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Harsh, Beautiful Desert Life

Posted in Family, and Homesteading

Clouds over the desert mountains

Life in the desert can be beautiful, but it’s also steeped in danger. The harsh elements just dare you to get careless. Beauty and tranquility can change to danger and death in an instant.

On a day-to-day basis, we enjoy the beauty of the desert. Gorgeous sunrises and breath-taking sunsets. Clear night skies filled with stars. Blooming plant life after a storm. Amazing views that stretch for miles. Interesting rock formations. Entertaining wildlife. We have so much to do from hiking to climbing to riding to exploring.

While we enjoy mild temperatures for a good portion of the year, the summer brings scorching, dry temps. On the rare occasion where we do get rain, it usually means some flash flooding. Summer also means wildfire season, and it’s been a crazy season here thus far. Wildfires mean animals are displaced from their normal habitats as they flee from the raging inferno.

Coyote

As the new animals are introduced to the established habitats, the natural balance is thrown off until a new equilibrium can be found. This can lead to some chaos as the new feeding order is established – especially if a large predator is introduced to the area.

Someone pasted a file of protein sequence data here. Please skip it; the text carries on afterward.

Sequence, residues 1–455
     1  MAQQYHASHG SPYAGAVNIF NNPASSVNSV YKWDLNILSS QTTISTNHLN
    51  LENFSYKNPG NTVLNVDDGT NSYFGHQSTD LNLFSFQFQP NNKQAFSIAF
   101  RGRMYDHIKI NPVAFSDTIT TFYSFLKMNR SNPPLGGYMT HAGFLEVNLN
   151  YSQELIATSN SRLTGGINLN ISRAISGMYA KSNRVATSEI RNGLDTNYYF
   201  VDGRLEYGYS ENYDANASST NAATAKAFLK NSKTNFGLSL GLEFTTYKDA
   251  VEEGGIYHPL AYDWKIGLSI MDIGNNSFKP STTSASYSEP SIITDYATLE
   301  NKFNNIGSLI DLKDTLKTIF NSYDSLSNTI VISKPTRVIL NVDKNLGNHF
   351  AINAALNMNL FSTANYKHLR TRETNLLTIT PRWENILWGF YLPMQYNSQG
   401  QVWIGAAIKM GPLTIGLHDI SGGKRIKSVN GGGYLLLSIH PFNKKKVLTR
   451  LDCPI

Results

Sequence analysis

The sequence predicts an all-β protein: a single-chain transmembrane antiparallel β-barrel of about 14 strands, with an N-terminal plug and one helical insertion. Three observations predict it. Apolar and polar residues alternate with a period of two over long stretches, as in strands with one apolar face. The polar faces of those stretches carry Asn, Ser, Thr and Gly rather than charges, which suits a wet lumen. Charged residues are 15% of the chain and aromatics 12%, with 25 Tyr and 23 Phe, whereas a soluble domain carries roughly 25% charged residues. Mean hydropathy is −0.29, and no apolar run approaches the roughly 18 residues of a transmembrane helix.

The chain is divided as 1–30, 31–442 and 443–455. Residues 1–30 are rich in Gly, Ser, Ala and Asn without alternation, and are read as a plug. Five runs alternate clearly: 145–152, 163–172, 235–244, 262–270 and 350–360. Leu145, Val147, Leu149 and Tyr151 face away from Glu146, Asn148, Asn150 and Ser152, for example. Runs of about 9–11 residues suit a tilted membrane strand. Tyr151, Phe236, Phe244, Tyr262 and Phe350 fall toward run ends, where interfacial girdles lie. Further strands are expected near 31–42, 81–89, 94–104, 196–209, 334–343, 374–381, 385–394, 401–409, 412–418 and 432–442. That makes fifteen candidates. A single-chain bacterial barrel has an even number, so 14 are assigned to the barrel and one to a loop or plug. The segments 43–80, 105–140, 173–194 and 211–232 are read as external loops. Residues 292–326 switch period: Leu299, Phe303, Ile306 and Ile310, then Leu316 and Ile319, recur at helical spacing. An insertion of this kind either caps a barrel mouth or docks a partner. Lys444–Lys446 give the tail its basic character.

We’re experiencing this right now. There is a new large predator in the area. The coyotes are running scared, so their normal patterns have been thrown off. The huge flocks of ravens refuse to sleep near the ground as they have taken to the trees at night. Dogs in the neighborhood are on edge. The horses are uneasy at night. Strange sounds can be heard as the darkness of night descends on us.

This morning, the horses were acting odd and refused to eat. When I saw why, it was a little disturbing. The ravens had dropped the lower portion of a coyote’s leg with the paw still attached into one of the feed buckets. Yikes! The yelp that had been heard by our neighbor was indeed a coyote being taken down. The ravens, being keen scavengers who enjoy bringing us “presents”, decided to drop the coyote leg in the feed bucket.

At this point, we’re not sure what predator is out there, but we’re certainly taking precautions with the smaller animals and with ourselves – especially at dusk, dawn, and in the darkness of night. There is an uneasiness that comes with not knowing what large predator might be out there. The most likely candidate is a mountain lion, but since no one has clearly seen the animal and no clear prints have been seen, we will continue to be in the dark on the mysterious animal.

Horses enjoying a cloudy, foggy day

Life in the desert means enjoying all the beauty and mystery of the environment while respecting the dangers of the area.

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